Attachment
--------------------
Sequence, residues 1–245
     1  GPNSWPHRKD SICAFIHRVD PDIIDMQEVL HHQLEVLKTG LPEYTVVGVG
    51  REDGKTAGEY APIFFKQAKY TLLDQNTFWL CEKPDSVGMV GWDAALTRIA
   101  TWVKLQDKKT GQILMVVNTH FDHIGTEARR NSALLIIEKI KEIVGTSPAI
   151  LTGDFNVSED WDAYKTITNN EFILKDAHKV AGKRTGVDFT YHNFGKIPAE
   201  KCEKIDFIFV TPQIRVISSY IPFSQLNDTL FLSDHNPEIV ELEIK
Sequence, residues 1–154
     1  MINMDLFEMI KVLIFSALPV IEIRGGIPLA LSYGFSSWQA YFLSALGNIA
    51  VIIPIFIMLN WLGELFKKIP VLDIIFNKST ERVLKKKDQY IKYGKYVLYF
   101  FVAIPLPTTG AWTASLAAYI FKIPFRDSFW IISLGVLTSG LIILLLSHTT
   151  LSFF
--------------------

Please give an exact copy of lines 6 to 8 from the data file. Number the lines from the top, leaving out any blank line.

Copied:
   201  KCEKIDFIFV TPQIRVISSY IPFSQLNDTL FLSDHNPEIV ELEIK
Sequence, residues 1–154
     1  MINMDLFEMI KVLIFSALPV IEIRGGIPLA LSYGFSSWQA YFLSALGNIA